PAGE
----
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A Life in American Theatre.
I know a Good Story / January 6, 2016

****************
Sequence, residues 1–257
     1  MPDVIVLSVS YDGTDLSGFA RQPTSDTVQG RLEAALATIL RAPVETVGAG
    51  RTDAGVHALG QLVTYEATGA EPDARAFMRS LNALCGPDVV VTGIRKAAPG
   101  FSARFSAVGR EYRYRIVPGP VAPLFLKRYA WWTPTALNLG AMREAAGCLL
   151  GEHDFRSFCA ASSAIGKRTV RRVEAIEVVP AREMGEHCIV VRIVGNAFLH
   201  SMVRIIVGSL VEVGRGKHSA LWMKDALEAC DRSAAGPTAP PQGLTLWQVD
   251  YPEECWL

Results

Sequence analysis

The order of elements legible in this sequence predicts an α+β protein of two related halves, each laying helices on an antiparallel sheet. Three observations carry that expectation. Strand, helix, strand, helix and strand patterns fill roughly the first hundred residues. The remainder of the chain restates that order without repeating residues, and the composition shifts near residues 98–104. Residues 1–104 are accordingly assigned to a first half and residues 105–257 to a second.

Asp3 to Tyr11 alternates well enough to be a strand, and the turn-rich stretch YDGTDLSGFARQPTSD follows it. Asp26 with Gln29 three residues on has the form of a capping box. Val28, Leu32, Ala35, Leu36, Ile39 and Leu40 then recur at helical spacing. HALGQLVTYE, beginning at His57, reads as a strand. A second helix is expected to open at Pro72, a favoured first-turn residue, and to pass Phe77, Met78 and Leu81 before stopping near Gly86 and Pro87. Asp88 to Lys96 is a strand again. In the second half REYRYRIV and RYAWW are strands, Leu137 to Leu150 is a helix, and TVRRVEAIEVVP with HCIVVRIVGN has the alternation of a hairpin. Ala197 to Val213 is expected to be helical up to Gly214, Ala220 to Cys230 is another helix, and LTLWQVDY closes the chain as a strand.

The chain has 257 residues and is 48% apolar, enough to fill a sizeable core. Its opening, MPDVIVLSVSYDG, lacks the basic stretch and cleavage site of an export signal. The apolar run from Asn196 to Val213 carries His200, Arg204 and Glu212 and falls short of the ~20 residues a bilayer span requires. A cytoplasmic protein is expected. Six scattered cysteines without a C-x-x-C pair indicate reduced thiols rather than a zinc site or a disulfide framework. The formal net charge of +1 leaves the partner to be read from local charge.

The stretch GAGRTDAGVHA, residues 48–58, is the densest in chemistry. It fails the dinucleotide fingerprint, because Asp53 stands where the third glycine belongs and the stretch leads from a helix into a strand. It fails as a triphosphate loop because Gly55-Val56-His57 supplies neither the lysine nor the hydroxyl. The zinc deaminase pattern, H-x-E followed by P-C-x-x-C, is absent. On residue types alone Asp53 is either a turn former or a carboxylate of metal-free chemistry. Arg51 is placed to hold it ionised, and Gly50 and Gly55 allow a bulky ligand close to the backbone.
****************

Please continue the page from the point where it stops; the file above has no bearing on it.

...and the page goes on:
If you go to any college orientation, it’s easy to pick out the theatre major wannabes.  While the business majors are making contacts and the proto-engineers are using their smartphones to game and/or calculate maximum spillage in their latest prank, the theatre majors are busy being theatrical.  Other students wear clothes; the theatricals show up in layers. Layers and layers of rehearsal outfits which can be removed or rearranged as needed, along with an overly large carrier of some kind that also looks like a refugee from the consignment store.  Once inside, it’s hard to get theatre majors out the door again.  They aren’t friendly during interviews, they are effusive (or moribund, if they’re channeling a Method Actor).  An English Major is ten minutes late for class; the Theatre Major appears just before he/she is declared dead.  It’s the nature of the beast.  And, concealed into the folds of rehearsal layers or tucked into the overlarge carrier are the proto-drama major’s tools of the trade: their Starbucks card, a few B&W headshots, a book on acting by Stella Adler (read), another by O’Neill on masks (not read) and Moss Hart’s autobiography, Act One.   When you see one of these young and…

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